Friday, April 4, 2014

Thursday Throw Down!

To make lessons interactive, my goal is always to connect the lessons to real life, but the best way I've found to do that is to teach using the Scottish Storyline method.  In Storyline, students become characters in the carefully thought out and planned "story" written by the teacher and there is a setting, or "frieze" created in the classroom for the story to take place.  Events and problems happen and characters respond, all while eagerly digging in and leading their learning.  The teacher weaves the content standards in literacy, math, social studies, current events, science... you name it into the story.

I've taught a bunch of Storylines but my top three favorites were our ocean voyage to the islands of Hawaii (a science themed oceanography, marine life, volcanoes, geography and persuasive writing focus), our Native American potlatch (social studies, cultures and narrative writing story) and the Rainforests at the Crossroads JASON Project Expedition storyline (science, organisms, expository writing, math, and technology story).

My favorite Storyline was the rainforest of Panama. I was selected one of the eight teachers to actually travel with Dr. Ballard's JASON Project expedition team and 24 students to live and work in Panama for two weeks at the Smithsonian Tropical Rainforest Institute.  The student argonauts were responsible for conducting real science in the field with real scientists and then hosting the live broadcasts that were satellite-fed to museums around the world.  Students who were using the program came to the museums to watch the live event.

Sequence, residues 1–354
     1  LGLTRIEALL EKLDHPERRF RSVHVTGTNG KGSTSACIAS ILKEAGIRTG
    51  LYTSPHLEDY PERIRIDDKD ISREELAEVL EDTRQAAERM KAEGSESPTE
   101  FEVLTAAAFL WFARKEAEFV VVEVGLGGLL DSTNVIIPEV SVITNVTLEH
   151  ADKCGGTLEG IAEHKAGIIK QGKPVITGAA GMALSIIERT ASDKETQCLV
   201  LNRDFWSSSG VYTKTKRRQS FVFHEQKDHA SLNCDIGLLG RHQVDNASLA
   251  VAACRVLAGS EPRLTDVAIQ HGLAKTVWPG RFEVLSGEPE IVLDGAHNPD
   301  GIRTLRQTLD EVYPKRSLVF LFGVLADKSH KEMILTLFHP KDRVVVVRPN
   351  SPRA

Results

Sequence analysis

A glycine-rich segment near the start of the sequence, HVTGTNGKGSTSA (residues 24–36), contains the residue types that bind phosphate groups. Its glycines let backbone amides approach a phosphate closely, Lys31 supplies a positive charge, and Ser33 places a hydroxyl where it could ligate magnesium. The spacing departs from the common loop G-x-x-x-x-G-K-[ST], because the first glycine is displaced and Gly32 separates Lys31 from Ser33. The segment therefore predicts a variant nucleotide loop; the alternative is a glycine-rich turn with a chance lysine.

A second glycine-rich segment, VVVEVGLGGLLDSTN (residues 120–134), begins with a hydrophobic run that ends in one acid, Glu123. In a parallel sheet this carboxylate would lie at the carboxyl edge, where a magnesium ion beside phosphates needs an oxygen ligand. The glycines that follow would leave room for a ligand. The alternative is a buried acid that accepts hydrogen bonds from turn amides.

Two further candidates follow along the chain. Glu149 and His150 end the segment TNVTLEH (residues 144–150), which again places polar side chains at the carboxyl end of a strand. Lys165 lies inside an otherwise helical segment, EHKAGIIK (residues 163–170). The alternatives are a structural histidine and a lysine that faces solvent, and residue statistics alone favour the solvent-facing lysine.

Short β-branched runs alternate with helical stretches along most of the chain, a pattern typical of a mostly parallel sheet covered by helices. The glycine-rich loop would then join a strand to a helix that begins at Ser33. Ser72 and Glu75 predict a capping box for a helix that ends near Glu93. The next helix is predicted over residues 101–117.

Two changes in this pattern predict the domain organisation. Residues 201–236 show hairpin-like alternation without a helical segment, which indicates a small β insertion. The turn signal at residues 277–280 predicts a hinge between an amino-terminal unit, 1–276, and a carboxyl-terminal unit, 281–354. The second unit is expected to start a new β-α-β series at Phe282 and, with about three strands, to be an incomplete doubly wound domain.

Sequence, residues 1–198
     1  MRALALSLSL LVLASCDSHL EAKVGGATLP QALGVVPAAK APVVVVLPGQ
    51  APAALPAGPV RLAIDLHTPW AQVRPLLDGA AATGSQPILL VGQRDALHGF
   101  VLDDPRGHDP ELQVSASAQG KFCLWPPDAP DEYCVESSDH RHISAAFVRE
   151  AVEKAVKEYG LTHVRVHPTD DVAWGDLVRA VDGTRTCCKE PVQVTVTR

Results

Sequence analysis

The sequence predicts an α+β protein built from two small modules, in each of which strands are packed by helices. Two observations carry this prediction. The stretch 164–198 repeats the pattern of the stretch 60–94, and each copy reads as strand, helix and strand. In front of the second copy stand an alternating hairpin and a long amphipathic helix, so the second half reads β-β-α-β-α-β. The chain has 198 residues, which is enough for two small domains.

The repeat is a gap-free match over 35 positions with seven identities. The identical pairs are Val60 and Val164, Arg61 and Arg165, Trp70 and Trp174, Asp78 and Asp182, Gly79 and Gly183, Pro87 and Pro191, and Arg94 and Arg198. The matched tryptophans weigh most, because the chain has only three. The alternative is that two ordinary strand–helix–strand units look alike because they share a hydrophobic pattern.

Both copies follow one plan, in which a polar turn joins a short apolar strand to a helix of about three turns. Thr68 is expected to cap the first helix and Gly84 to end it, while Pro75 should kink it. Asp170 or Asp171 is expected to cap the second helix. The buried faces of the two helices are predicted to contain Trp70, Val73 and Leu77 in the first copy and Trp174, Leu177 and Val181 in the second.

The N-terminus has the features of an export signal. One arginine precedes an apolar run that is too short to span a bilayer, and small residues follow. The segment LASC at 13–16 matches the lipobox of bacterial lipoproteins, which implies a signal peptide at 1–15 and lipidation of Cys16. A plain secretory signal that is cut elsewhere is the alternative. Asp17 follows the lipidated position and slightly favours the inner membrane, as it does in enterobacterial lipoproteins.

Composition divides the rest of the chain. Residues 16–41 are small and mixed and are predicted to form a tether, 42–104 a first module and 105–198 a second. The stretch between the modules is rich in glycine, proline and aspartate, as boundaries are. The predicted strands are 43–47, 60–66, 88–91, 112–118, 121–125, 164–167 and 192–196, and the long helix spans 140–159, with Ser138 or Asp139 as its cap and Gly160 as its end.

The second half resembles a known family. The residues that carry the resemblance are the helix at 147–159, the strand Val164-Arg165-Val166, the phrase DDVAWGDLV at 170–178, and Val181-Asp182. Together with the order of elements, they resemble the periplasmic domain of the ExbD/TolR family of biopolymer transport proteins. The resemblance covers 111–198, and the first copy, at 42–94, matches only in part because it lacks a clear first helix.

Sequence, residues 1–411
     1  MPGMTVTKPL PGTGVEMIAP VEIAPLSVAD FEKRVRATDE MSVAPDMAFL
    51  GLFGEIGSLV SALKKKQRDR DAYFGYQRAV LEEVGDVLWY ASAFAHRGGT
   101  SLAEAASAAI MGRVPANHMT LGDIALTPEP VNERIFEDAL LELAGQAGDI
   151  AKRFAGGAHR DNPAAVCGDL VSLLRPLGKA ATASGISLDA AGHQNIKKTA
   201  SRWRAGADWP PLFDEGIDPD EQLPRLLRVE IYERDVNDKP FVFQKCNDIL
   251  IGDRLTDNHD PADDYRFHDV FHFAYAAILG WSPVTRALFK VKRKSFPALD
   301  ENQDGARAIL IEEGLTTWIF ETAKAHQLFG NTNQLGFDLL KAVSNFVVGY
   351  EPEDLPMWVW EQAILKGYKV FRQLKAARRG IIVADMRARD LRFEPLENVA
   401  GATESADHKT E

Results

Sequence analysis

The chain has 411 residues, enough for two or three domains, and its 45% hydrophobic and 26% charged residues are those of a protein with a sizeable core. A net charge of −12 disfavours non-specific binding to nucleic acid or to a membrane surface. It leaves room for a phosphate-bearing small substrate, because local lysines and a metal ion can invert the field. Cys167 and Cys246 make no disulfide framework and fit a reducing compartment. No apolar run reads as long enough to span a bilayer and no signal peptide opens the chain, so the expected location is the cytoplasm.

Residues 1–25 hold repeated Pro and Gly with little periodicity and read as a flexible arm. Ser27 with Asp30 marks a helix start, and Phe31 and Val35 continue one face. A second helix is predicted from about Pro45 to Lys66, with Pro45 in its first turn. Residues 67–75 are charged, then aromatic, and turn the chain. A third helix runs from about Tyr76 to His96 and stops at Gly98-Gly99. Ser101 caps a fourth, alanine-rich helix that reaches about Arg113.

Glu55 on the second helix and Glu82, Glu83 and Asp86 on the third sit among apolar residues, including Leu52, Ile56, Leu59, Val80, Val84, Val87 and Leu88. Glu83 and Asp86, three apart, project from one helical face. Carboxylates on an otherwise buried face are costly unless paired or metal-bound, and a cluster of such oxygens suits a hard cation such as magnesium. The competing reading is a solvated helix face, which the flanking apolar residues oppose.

I used my website to post my daily journals and photos for my students researchers. They asked questions and I replied via the Web.  It was awesome!  In the rainforest storyline, for example, students became researchers and filled out their resumes that qualified them for the expedition team.  We researched occupations in science, college degree programs, and students filled out a job application.  Students created the frieze, a 3-D rainforest on our largest classroom wall with twisted vines and huge 3-D leaves.  Students brought and shared their stuffed rainforest animals that hung in the paper canopy of the trees.  Then it was time to get their passport for the trip to Panama.  Students researched and got their travel shots and pills (jelly beans) and documented it in the passport.  While "there" on expedition, students conducted all kinds of experiments and did a research project on the topic of their choice.  Students learned all about the gravity feed of the Panama Canal locks, among many other topics.
That's one of the most fun interactive ways to connect students to learning and I LOVE teaching using Scottish Storyline.  What do YOU do to make your lessons interactive?  Leave me a note!


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